American scientists managed for the first time ever to completely remove the HIV virus, which causes AIDS, from the body of some infected mice. However, the breakthrough is far from being used on human beings, a research by Nature magazine reports.
Researchers at the Lewis Katz School of Medicine at Temple University and the University of Nebraska Medical Center removed the replication-competent HIV-1 DNA from the genomes of mice, marking a crucial step towards the development of a human cure.
“This observation is the first step toward showing for the first time, to my knowledge, that HIV is a curable disease. Over the years, we have looked at HIV as an infectious disease,” said Kamel Khalili, lead author on the study.
“But once it gets into the cell, it’s no longer an infectious disease but becomes a genetic disease because the viral genome is incorporated into the host genome.We think this study is a major breakthrough because it for the first time demonstrates after 40 years of the AIDS epidemic that the HIV disease is a curable disease,” he added.
“The big message of this work is that it takes both CRISPR-Cas9 and virus suppression through a method such as LASER ART, administered together, to produce a cure for HIV infection. We now have a clear path to move ahead to trials in non-human primates and possibly clinical trials in human patients within the year.”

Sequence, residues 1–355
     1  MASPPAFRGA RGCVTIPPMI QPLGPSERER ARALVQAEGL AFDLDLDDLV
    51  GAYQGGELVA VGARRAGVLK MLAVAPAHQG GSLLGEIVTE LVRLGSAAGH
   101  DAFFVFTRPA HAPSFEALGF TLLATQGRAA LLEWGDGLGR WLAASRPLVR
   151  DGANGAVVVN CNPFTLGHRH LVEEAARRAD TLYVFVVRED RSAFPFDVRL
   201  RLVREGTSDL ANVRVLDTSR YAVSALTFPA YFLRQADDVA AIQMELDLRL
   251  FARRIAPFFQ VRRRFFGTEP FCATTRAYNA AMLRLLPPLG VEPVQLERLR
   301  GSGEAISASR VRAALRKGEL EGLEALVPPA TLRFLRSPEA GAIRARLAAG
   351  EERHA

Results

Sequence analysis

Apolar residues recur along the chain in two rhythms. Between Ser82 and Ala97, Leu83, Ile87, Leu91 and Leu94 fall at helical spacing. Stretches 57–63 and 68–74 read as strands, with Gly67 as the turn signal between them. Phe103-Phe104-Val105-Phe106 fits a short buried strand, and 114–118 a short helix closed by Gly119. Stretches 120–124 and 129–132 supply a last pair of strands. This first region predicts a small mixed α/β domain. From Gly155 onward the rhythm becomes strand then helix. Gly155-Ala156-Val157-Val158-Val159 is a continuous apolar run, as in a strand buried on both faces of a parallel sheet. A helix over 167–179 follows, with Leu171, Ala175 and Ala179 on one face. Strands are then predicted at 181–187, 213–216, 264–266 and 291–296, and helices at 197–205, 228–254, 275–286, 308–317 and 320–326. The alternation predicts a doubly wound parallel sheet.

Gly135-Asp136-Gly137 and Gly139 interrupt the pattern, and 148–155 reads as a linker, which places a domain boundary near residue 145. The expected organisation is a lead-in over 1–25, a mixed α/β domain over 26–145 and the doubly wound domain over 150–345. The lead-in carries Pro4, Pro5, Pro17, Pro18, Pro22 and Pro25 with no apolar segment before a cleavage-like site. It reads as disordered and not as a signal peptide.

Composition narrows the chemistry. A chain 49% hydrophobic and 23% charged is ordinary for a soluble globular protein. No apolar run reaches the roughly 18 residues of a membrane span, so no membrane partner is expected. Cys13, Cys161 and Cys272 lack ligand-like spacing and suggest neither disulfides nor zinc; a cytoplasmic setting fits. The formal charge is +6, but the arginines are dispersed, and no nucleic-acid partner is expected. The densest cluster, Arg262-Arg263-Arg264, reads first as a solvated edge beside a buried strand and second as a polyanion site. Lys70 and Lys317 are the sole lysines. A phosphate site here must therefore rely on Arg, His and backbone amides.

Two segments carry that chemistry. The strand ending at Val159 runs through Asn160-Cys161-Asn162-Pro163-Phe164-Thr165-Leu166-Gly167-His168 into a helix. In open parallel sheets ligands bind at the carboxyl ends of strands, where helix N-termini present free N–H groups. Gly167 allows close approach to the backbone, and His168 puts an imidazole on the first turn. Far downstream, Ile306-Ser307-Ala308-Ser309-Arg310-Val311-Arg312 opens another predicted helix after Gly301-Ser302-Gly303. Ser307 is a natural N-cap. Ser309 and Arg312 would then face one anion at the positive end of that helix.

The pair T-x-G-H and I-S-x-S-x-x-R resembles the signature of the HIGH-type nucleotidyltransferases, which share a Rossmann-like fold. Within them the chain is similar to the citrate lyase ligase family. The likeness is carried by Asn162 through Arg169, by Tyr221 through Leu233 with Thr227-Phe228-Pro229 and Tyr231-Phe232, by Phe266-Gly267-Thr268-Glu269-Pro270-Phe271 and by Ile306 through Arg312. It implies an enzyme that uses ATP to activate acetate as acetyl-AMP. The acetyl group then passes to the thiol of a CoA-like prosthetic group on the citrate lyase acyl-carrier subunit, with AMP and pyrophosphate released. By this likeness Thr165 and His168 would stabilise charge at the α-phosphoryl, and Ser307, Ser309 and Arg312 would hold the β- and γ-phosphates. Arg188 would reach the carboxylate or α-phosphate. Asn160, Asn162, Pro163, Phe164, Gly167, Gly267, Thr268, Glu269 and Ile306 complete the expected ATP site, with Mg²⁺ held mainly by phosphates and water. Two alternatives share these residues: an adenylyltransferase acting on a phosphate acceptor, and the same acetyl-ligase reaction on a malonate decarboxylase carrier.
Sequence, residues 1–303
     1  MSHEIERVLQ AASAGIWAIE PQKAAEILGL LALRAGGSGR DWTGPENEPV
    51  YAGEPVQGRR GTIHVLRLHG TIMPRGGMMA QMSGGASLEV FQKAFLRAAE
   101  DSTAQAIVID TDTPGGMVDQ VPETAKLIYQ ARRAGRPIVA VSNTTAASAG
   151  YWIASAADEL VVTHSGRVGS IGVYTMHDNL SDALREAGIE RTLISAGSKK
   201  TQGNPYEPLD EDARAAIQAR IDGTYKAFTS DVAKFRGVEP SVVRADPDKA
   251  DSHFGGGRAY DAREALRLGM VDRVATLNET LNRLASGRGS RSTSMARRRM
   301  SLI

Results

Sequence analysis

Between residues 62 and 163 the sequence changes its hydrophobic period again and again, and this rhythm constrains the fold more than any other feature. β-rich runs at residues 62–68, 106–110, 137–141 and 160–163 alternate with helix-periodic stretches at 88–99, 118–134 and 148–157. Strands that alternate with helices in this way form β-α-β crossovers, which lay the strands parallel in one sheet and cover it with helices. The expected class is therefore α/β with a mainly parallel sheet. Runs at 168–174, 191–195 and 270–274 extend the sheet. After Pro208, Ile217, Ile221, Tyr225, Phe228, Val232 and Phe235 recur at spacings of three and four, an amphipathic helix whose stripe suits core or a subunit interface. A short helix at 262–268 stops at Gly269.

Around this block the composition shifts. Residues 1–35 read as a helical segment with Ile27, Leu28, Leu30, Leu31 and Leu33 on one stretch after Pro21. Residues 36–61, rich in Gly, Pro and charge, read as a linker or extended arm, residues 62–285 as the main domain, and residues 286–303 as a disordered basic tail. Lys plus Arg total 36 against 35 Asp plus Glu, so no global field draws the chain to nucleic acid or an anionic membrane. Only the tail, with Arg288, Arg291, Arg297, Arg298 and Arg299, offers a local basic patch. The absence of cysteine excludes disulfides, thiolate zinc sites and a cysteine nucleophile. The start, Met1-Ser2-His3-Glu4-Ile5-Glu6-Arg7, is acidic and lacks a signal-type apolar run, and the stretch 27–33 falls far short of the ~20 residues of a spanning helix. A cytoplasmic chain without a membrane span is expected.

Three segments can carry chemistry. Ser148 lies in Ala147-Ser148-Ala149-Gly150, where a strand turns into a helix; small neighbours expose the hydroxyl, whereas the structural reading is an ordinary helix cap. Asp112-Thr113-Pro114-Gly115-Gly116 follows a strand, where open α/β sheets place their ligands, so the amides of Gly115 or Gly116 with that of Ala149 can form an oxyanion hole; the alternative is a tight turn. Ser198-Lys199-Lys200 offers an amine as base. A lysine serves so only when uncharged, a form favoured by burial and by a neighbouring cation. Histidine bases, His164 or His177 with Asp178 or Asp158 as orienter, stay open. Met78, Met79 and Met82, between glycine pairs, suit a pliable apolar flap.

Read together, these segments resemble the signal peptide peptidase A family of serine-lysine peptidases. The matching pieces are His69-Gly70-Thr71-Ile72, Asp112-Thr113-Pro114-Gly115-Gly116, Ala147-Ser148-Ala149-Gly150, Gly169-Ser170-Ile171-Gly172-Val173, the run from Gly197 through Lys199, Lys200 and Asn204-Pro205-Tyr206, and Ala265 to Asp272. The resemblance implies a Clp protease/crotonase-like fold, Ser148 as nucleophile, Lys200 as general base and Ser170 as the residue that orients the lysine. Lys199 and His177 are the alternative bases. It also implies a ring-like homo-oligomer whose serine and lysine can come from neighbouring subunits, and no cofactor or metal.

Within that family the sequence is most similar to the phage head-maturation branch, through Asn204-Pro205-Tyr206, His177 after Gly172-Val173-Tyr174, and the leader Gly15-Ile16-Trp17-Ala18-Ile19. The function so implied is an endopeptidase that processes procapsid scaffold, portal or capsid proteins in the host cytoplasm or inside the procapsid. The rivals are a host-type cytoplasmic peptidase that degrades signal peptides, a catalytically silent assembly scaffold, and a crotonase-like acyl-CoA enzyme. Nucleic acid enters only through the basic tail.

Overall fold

Another scientist, doctor Gendelman said the study wouldn’t have been possible without “an extraordinary team effort that included virologists, immunologists, molecular biologists, pharmacologists, and pharmaceutical experts”.
Earlier this year, a British man, who chose to remain anonymous, became the second case in history of an adult to receive a bone marrow transplant resulting in HIV ‘remission’.
The news came nearly three years after he underwent procedure, where he received a transplant of stem cells from a donor with the rare ‘CCR5-delta 32’ genetic mutation that results in HIV resistance.
However, although the results prove the virus can be totally eliminated, the perspective of a treatment for human patients is still faraway.
According to UNAIDS, there are 36.7 million people infected with HIV worldwide.
Almost 1,000 new HIV/AIDS cases are tracked down in Romania on a yearly basis, with most of them contracting the virus by sexual transmission, the doctors within “Matei Bals” infectious diseases Institute warned several years ago.